BROWNSVILLE, Brooklyn (WABC) -- The mother of a 7-year-old boy who says he was dragged out of class by his second-grade teacher has filed a claim against New York City and specifically the Department of Education for negligence, carelessness and recklessness.
The complaint filed Tuesday by an attorney for Britney Graham accuses Riverdale Avenue Community School in Brownsville of failing to provide adequate supervision and care for the safety of children at the school.
Graham says her son's second-grade teacher dragged him by his shirt out of class, exposing his chest to his classmates, when he failed to follow directions and sit on "the rug" for story time.
"He doesn't get touched at home," Graham said. "So for someone to touch him, it's like, what in the world is going on?"
Graham said she initially reached out to the school principal before filing a formal complaint with the Department of Education.
A co-teacher in the classroom at the time of the incident also filed a complaint regarding the treatment he observed of Graham's son.
District policy prohibits teachers from, "any act of physical force upon a pupil for the purpose" of punishment except to protect oneself or others from physical injury.
"I was beyond shocked that this happened," said the co-teacher, who asked to remain anonymous for fear of retaliation. "He was just dragged like a carpet with his stomach being exposed in front of his other peers. There wasn't any procedure followed like speaking with him or what I would consider other more humane responses to such a situation."
The co-teacher also recorded a conversation in which he confronted his co-worker about her behavior, and she appeared to admit her mistake.
"I perhaps should not have attempted to physically remove him from the class," she is heard saying in the recording. "Maybe that's not what I should have done, but I didn't know what to do."
DOE opened an investigation, but Graham says Riverdale's principal did not remove her son from the classroom or the care of the teacher accused of misconduct while that investigation was pending.
Frustrated, Graham transferred her son to a new school.
Then, more than a month after the incident, Graham followed up by email and was informed the investigation revealed the allegations were unsubstantiated and the case was closed.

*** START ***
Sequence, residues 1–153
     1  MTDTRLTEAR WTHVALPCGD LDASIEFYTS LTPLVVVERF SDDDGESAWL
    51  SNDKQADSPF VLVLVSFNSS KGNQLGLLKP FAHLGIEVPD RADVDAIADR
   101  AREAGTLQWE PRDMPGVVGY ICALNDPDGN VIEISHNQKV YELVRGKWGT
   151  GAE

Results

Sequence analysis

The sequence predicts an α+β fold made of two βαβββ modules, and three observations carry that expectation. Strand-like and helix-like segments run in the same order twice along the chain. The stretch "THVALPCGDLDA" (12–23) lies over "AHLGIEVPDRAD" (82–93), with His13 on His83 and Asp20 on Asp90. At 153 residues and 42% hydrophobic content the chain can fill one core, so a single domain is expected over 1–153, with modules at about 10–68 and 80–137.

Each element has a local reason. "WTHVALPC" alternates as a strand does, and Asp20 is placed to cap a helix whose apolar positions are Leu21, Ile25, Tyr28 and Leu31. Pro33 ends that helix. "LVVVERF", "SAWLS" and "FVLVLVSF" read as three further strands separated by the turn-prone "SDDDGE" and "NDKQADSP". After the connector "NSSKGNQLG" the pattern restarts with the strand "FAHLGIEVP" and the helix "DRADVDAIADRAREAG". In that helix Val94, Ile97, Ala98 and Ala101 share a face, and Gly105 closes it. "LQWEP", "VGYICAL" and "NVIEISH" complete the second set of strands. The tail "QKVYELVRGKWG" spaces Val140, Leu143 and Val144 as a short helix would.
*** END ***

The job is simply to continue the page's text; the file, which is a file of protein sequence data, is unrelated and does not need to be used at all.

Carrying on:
"We take these allegations seriously, and this matter was unsubstantiated after a thorough investigation," DOE spokesman Doug Cohen said in a written statement. "Riverdale Avenue Community School has a strong culture of trust among teachers, administrators, and parents. We'll review the lawsuit."
"I'm upset, I'm disgusted with the school," Graham said. "I know what happened, but you (DOE) are trying to cover it up like it didn't happen. No one is doing nothing about it, and it's crazy."
Graham responded Tuesday by filing a notice of claim against the city.
She says the experience has left her son fearful of teachers and scared to attend school.
Graham said she also questions how many other students have had similar experiences at the hands of teachers.
"I'm a mother at the end of the day," she said. "They couldn't protect my son, but maybe if the world sees or other people see, maybe some other people's kid will speak up. And maybe it won't take as long as it took for my son for someone to say, 'OK, this did happen.'"
The NYPD and the Administration for Children's Services were also notified and have opened separate investigations into what happened.
A spokesperson with the Department of Education said the teacher accused of misconduct had no prior disciplinary history and did have a disciplinary meeting about her behavior.
Meanwhile, the teacher who reported the incident was removed from the classroom after reporting his co-worker for possible misconduct. He is now facing possible termination.
A DOE spokesperson said the teacher's removal was based on poor performance, not the complaint he filed on behalf of Graham's son. Last year, that teacher received an overall rating of "effective."
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